This is one of those posts that has absolutely nothing to do with the heraldry of the Church. Those do come up occasionally on this blog but I try to keep them to a minimum. I couldn’t let this opportunity pass, however, to discuss how, for what must be the first time in a quite a while (although its not unprecedented) both of this country’s major party candidates are heraldically connected, so to speak.
The Republican candidate, Donald Trump, is well known as a business man with hotels and resorts around the world. One such property is the golf course he built and owns in Scotland. To make it “look good” a logo for the place in the form of a coat of arms (not a particularly good one, in my opinion) was devised and used on their promotional materials. The problem is that Scotland happens to be one of the few countries where they take heraldry and the public use of heraldry very seriously.
The body that regulates heraldry in Scotland is the Court of Lord Lyon and indeed it is a standing civil and criminal court under the Scottish legal system. The incumbent of the office of Lord Lyon King of Arms is usually a lawyer well versed in the laws affecting genealogy and heraldry and he sits as judge over cases of dispute. By contrast the English Heralds are incorporated into a College and while there is Her Majesty’s High Court of Chivalry which has existed since the 14th C. and sits as a civil court to regulate all matters of English and Welsh heraldry it rarely sits. The last time was in 1954 for the case of Manchester Corp. v. Manchester Palace of Varieties, Ltd. Prior to that the court hadn’t sat for 200 years!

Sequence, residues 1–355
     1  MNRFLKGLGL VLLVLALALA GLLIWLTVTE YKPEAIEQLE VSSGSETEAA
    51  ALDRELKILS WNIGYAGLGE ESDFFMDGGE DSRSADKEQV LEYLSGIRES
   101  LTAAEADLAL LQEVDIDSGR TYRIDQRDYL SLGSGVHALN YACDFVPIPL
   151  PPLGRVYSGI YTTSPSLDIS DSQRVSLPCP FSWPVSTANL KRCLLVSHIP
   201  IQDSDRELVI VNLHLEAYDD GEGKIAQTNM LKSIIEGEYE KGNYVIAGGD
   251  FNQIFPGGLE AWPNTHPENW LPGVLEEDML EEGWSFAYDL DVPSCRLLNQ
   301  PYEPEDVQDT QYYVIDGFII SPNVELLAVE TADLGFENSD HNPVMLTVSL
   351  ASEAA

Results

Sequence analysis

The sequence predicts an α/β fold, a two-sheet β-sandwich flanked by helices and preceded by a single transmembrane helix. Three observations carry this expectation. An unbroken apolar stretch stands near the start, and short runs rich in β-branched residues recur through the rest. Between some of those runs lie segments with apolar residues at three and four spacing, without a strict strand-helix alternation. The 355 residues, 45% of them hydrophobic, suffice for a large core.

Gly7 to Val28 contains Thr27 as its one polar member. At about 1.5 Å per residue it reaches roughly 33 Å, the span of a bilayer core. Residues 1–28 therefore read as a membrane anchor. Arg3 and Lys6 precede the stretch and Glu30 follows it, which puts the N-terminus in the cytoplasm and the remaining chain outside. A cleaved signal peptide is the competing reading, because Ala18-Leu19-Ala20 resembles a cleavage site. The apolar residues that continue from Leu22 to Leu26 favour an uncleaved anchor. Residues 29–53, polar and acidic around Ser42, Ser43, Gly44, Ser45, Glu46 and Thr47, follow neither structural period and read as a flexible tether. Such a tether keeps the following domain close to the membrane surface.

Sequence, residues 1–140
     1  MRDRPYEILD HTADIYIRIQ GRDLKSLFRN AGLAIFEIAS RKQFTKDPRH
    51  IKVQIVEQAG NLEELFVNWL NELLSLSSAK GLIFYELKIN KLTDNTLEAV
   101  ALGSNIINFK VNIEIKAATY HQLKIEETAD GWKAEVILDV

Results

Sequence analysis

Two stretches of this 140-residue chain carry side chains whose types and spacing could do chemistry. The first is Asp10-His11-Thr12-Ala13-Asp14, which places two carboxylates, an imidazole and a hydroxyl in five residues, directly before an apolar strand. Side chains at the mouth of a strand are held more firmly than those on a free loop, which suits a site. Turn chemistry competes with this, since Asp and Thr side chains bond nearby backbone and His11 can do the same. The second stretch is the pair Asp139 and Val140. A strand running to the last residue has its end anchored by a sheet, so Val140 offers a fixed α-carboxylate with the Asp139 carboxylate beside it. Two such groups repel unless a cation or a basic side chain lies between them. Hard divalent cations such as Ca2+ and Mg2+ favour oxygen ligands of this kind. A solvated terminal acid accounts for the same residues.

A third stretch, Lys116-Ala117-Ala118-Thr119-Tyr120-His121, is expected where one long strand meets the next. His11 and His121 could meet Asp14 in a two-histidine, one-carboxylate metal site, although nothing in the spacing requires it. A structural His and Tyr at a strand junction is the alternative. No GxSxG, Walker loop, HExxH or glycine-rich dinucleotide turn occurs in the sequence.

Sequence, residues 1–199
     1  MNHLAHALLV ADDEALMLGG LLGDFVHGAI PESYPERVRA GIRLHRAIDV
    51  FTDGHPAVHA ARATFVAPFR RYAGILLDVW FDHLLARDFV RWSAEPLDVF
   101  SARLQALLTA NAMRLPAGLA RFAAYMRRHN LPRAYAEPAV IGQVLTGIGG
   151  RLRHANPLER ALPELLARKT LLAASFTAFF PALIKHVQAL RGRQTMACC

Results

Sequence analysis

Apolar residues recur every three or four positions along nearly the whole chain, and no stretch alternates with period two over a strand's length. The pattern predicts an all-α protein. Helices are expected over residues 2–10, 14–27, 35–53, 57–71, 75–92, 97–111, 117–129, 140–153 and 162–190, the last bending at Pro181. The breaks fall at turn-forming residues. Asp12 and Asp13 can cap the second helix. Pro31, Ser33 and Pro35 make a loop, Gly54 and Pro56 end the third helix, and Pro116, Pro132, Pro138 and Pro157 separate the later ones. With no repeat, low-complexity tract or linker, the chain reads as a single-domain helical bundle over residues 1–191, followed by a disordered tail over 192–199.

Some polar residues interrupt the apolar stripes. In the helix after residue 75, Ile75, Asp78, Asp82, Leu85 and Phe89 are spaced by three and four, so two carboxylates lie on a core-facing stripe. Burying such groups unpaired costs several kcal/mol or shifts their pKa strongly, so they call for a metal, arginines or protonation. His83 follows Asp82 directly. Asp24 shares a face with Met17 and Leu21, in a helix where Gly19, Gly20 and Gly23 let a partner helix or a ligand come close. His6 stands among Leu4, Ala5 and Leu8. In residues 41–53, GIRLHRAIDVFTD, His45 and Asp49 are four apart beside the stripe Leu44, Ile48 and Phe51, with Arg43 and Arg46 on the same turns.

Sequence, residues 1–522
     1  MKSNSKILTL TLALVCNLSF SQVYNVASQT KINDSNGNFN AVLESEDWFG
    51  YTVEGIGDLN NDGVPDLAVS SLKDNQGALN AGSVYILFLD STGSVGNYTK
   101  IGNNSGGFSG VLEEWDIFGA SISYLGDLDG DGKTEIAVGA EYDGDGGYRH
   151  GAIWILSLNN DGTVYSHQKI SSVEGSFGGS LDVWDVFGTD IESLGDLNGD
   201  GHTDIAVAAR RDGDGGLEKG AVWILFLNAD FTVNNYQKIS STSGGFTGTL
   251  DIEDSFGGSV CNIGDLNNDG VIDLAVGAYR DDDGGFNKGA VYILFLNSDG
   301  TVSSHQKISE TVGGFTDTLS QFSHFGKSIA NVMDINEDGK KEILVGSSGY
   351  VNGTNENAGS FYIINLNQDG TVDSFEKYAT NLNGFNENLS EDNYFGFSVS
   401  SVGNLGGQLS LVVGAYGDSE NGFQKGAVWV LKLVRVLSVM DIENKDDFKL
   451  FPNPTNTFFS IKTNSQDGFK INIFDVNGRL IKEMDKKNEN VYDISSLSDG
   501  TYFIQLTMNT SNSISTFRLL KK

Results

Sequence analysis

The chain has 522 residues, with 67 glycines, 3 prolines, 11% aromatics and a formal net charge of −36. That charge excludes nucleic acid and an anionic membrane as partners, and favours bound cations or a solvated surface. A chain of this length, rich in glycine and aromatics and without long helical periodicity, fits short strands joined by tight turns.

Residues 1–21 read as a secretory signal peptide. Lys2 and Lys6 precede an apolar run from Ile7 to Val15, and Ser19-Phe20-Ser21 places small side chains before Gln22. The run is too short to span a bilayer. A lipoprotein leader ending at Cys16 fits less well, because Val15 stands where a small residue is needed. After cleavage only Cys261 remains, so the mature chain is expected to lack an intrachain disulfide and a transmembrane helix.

Trump’s self-designed and adopted coat of arms (above) ran afoul of the Scottish legal system in 2008 when it was asserted that he had no right to use the coat of arms. In 2012 the Court of Lord Lyon ruled in Trump’s favor and now he may make use of the coat of arms originally designed for his Aberdeen golf course. Trump’s mother is of Scottish origin and Lord Lyon claims jurisdiction worldwide over any Scot, even expats, or anyone with Scottish ancestry. Unfortunately, I do not have an image of the coat of arms in full color. I wonder if anyone in the Trump organization even bothered to have one made in full color since this is primarily used as a logo.
The Democrat Party candidate, Hillary Clinton, does not, as far as I know, have a coat of arms in her own right, but her husband does. In 1995, at the request of the Taoiseach (the Irish Prime Minister), Mr. John Bruton, the Chief Herald of Ireland devised and granted a coat of arms to Mr. Clinton whose mother was of Irish ancestry (below). It was presented to him as a gift on his state visit to Ireland. As I say, Mrs. Clinton does not have a coat of arms in her own right, at least not yet. Who knows? It is possible that another head of state may be asking another heraldic authority to grant her a coat of arms at some point in the future. Only time will tell.
Of course the way the election on November 8 will turn out remains to be seen and there is a great deal of speculation on both sides. It does seem to be far from certain even at this very late stage in the campaign. But, one thing is, nevertheless, absolutely certain. Regardless of the result of the voting that will take place across the United States next Tuesday one of the two people mentioned above, Trump or Clinton, come next January 20th will be able to make use of yet another old and venerable means of identification that employs the ancient and respected use of heraldry as a large part of its symbolism. It’s an armorial seal…